-Excerpt from “Judicial Pluralism and the Early United States” by Carlos Alberto Tenorio. Published by the University of the Mississippi, New Orleans, and the University of Florida, San Agustín, 2013.

“There’s no denying it - the unifying factor that made the United States Constitution so much more resilient than the Articles of Confederation had broken down after the Compromise of 1813. Interstate provisions were radically altered with the limtation of free movement to white settlers in the Native states, while many white states started expelling all their native populations; Federal unity was shattered with the creation of State juridical pluralism. Burr’s Rebellion proved to everyone one thing - the Constitution was not to last.”

-Excerpt from “American History for Dummies”.

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The State of Indiana retains strong ethnic diversity, based on its history, especially the circumstances following its birth as a State during Burr’s Rebellion. The three largest groups, Natives, Whites and Blacks, make up for 44.3%, 25.7% and 12.3% of the population, respectively, with great regional variation. The great waterways of the State (most notably the Tippecanoe River) are mostly White, based on the lack of restriction by part of State governments for White migrants to settle in the waterways connecting Ohio and Wabash, while the Mississippi River, the main waterway for most freed slaves, is plurality-black. The rest of the State is strongly Native, retaining local languages to a great degree.

Indiana, through different degrees of historical enforcement, has recognised twelve official (or at least government-use) languages: in order of percentage of households where the language is primarily used, these are English (35.5%), Standard Iroquois (15.5%), Shawnee (10.3%), Illinois (7.7%), Miami (7.2%), Catabwa (4.7%), Tutelo (4.5%), Potawatomi (4.3%), Erie (3.1%), Delaware (1.3%), Mahican (1.2%), and Abnaki (1%). A further 10% of people use a language not considered official - the most commonly spoken being French. Unlike the common monolingualism of most East Coast states, this diversity results in the fact that an overwhelming majority of Indianans (87%) speak at least two languages, while over half (54.7%) speak at least three.

The religious structure of the State of Indiana is complex, due to the historical tensions between several of the locals. The evolution of Native religion is of particular interest - Natives, swayed by the Great Prophet Tenskwatawa's teachings during Burr's Rebellion, resulted in the wholesale rejection of Christianity throughout Burr's War. Posterior to this, however, Christianity once again began growing in the State's Native population, integrating the teachings of Tenskwatawa to a diluted degree. To this day there's wide theological debate over whether the Red Sticks Church is a branch of Christianity or its own religion; estimates state that about 38% of Indianans belong to this faith, although less than a third are regular observers. Also popular, especially amongst white settlers, is Third Testamentism; the Religious Society of Friends is widely popular amongst white and black Indianans, and comprises the largest Mainline Protestant denomination in the State. Catholicism is also relatively popular, especially in the Mississippi Basin, while Judaism is common, especially in the sprawling State capital of Tecumseh, the Old West's second largest city, where Jewish people comprise 1.3% of the population.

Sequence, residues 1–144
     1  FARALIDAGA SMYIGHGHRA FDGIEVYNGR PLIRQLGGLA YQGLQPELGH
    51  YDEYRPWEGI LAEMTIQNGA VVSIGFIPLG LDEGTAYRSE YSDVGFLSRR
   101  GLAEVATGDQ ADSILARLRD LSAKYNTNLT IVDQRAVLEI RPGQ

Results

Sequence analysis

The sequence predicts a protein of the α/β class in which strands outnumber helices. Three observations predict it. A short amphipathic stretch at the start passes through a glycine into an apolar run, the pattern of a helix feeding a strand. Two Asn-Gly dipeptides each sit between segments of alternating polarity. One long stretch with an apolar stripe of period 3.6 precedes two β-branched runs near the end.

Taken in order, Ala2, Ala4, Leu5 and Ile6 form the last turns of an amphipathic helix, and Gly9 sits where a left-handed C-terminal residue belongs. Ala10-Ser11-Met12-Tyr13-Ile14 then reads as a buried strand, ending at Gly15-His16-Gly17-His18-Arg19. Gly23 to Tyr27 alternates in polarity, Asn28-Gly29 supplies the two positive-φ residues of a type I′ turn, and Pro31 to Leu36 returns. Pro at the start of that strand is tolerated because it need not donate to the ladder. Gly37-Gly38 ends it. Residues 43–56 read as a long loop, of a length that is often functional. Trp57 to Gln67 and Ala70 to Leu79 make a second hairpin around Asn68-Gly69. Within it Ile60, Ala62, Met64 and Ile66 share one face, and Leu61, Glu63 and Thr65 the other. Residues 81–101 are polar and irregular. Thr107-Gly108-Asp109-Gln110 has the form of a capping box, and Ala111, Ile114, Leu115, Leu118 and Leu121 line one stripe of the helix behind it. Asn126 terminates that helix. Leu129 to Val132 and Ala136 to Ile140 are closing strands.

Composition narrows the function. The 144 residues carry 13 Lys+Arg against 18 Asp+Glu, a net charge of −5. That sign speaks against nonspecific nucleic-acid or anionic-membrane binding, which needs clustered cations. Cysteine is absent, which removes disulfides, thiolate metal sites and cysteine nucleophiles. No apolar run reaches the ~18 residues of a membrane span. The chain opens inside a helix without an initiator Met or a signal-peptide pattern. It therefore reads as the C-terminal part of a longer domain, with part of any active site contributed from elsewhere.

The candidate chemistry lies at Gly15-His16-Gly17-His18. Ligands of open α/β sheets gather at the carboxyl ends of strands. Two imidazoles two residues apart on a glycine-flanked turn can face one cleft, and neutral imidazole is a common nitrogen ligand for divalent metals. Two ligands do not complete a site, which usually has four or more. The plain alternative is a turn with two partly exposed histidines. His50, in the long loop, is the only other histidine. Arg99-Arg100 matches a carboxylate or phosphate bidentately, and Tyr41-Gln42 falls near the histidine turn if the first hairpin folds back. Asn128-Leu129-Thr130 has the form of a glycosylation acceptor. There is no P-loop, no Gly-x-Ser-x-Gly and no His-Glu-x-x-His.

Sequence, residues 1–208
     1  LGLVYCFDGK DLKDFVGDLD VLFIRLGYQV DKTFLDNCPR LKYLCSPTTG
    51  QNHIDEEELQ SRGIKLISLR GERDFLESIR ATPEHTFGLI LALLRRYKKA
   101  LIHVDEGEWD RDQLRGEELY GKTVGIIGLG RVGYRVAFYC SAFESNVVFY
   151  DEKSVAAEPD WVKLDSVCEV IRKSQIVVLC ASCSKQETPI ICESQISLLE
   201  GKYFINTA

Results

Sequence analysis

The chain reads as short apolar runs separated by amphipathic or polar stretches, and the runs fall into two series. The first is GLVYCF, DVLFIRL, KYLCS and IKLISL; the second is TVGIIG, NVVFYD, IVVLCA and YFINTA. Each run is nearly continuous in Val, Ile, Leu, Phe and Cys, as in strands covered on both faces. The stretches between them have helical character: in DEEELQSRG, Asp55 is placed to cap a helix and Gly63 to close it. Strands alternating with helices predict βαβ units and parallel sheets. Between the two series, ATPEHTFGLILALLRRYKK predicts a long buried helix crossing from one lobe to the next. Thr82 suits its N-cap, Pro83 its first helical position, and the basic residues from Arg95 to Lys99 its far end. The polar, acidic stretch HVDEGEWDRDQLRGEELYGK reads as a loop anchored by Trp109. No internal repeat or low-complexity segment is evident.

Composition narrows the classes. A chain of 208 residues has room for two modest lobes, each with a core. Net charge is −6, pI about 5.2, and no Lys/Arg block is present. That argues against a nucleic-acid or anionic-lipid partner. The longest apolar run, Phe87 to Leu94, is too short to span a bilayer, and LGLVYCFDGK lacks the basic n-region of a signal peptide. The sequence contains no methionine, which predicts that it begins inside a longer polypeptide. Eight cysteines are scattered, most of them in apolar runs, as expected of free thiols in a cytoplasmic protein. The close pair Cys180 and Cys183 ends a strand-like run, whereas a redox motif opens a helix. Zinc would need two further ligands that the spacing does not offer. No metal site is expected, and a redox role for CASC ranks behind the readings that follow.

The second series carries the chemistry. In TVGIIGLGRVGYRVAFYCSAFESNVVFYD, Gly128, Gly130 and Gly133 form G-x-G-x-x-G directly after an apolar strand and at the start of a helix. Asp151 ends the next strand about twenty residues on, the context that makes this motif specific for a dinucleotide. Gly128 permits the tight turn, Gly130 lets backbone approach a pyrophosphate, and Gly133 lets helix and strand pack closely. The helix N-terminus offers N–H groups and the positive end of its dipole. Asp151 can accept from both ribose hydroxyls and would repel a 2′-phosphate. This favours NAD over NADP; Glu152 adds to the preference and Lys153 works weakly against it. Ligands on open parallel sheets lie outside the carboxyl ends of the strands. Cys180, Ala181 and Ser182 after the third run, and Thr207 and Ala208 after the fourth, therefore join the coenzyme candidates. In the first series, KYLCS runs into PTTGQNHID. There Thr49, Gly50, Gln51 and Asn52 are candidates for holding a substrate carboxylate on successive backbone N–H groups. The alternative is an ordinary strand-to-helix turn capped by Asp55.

Indeed, Indiana has a strong claim to being the most diverse State in the Union.

I fell in love again.
Akwé:wa, Akwé:wa.
Drove to Tecumseh.
All things know. All things know.

-Tecumseh, Lowell Stevens' first breakout single from his album Indiana, alternates mostly English songwriting with some excerpts in the native languages official in Indiana. The song, which alternates between being a hymn to Tecumseh, which provided a center of diversity and freedom while growing up nearby in a small town in Michigan, and a hymn to the Indian leader after which the city is named, is widely controversial in conservative circles, being banned on Carolinian radio stations; however, this didn't stop it from charting for twelve weeks nationwide when it came out in 2006.